- Cool quickly and efficiently. Soups, beans and other large dishes should be cooled in a shallow container in the refrigerator or in ice water right away. This will help you avoid increasing the risk of food-borne illness. For example, when I make lasagna, I chill it overnight in the refrigerator and cut it into squares before wrapping and freezing each square.
- Reheat items quickly in the microwave. Usually you just need to add a little water and cover items with a lid or plastic wrap. Items in plastic bags should be transferred to a microwaveable container before reheating.
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Judy’s passion for cooking began with helping her grandmother make raisin oatmeal for breakfast. From there she earned her first food service job at 15, was accepted to the world-famous Culinary Institute of America at 18 (where she graduated second in her class), and went on to the Fachschule Richemont in Switzerland where she focused on pastry arts and baking. After a decade in food service for Hyatt Hotels, Judy launched Food and Health Communications to focus on flavor and health. She graduated with Summa Cum Laude distinction from Johnson and Wales University with a BS in Culinary Art, holds a master’s degree in Food Business from the Culinary Institute of America, 2 art certificates from UC Berkeley Extension, and runs a food photography studio where her love is creating fun recipes.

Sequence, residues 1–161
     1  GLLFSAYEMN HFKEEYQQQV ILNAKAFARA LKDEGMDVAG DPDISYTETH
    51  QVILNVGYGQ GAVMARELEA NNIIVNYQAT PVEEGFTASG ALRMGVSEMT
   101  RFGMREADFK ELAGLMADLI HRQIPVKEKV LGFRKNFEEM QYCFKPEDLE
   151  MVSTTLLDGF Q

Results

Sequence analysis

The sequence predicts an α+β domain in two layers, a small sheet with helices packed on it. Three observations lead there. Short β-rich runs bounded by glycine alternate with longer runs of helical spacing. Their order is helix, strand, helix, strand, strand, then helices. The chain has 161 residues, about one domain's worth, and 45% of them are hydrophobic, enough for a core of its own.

Judy received The Culinary Institute of America’s Pro Chef II certification, the American Culinary Federation Bronze Medal, Gold Medal, and ACF Chef of the Year. Her enthusiasm for eating nutritiously and deliciously leads her to constantly innovate and use the latest in nutritional science and Dietary Guidelines to guide her creativity, from putting new twists on fajitas to adapting Italian brownies to include ingredients like toasted nuts and cooked honey. Judy’s publishing company, Food and Health Communications, is dedicated to her vision that everyone can make food that tastes as good as it is for you.